Re: Yahoo!'s telecommute policy

Subject: Re: Yahoo!'s telecommute policy
From: "William Sherman" <bsherman77 -at- embarqmail -dot- com>
To: "'TECHWR-L'" <techwr-l -at- lists -dot- techwr-l -dot- com>
Date: Mon, 25 Feb 2013 14:44:56 -0500

It all depends. Many years ago, I worked for a big San Jose company as a full time telecommuter. It was part of the contract I signed to work there.

My pay was based on me not living in California. It was about 2/3rds the salaries of several I knew who did live there and worked on-site.

I can't say for sure, but seeing most of those San Jose companies trade people with some regularity, I bet the same type of pay structure exist at Yahoo. Live and work in San Jose and work in the office - paid $120,000. Live and work from home in some other state - paid $80,000. I'm sure she isn't planning on giving them all a raise to come into the office.

I see several things happening. If they change your location, and you are a regular employee, then the company is responsible for moving you. The financial hit isn't a good thing on thousands of employees.

Second, the pay structure will have to change. A person working in Arkansas can't afford to work for that in San Jose, not unless the housing market has collapsed much more than anyone admits.

Third, doing this en mass is a really dumb idea. One or two go out the door quietly, and no one cares. 5000 go out the door and the proverbial brown stuff hits the rotating air mover. Someone in that group is smart enough to organize and gets a class action suit going. This has occurred before with a few SJ companies, although they try hard to keep it quiet. And that does impact stock.

Fourth, I really don't know, but SJ is an area where making employees stockholders is common, so they could be booting a lot of stockholders. One lesson companies are slow to learn, but feel the impact from, is don't make your stockholders mad, and firing them really makes them mad.

What all these Yahoos should do, if they had any sense, is team up.5000 out the door today just means that it is easier to kick another 5000 out in a few months. But if they all team up and quit, or threaten to, policies can change. It is a unique strategy called striking. However, the very liberal and sophisticated minds of Silicon Valley would never want to stoop to the blue collar mentality. As such, they will all lose their jobs when they have the power to not only keep their jobs, but to keep status quo on working locations.

If I were to place a bet, I bet there is a strong chance they are getting ready to sell Yahoo. She is the hatchet person, in to clean house, make the stock look good, polish the product to make it shine, and raise the value, so the buyers think they are getting a great deal. Dump a lot of people, then profits look very good, both total and profit per employee, and the company becomes an easy sell.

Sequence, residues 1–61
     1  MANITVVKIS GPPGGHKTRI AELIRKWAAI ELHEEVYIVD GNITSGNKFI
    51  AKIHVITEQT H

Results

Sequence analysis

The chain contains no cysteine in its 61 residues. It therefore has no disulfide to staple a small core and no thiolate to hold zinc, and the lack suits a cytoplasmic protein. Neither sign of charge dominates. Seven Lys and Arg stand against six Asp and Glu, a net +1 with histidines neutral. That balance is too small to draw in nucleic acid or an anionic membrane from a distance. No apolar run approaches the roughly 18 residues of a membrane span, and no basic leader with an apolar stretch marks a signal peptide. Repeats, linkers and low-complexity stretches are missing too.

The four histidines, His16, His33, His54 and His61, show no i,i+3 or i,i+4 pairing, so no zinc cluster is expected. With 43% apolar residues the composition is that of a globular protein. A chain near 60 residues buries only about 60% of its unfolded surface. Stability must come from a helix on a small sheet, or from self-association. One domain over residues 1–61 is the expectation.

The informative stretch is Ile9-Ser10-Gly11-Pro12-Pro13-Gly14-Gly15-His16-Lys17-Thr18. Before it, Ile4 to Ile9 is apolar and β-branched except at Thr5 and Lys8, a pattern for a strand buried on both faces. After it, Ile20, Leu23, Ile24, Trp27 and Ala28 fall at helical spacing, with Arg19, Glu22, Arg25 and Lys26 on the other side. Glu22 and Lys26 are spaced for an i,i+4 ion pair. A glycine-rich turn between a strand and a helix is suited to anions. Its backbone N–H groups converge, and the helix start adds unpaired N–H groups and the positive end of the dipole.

She looks too young (37) to be this closed minded to the work mindset of the 21st Century with a company whose goal is to make work feasible online and from anywhere. She is a tool, sent to do a job, and that job won't be good for those who work there.

-----Original Message-----
From: On Behalf Of Keith Hood
Sent: Monday, February 25, 2013 8:35 AM
To: Cardimon, Craig; 'Anne Robotti'; 'TECHWR-L'
Subject: Yahoo!'s telecommute policy (was Re: Telecommuting ( was: Do as I say, not as I do ))

Irony squared and cubed. The CEO of a 21st century electronic company which makes money by enabling people to find things and take actions over the internet, insisting on enforcing a process control model straight out of the 1940s.

I think it's likely that she is doing this because she is <i>hoping</i> it will cause a lot of people to jump ship. She got the job by promising she'd make the company's margins better. One way to make the numbers look better is to cut the head count. This way she gets the same effect as a mass layoff without the bad publicity that a mass layoff would cause. There will be some badmouthing from workers, of course, but it won't be the same scope and this way of downsizing is less likely to get the stock analysts worked up.

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RE: Yahoo!'s telecommute policy: From: Janoff, Steven
RE: Yahoo!'s telecommute policy: From: Porrello, Leonard
RE: Yahoo!'s telecommute policy: From: Cardimon, Craig
RE: Yahoo!'s telecommute policy: From: Porrello, Leonard
RE: Yahoo!'s telecommute policy: From: Cardimon, Craig

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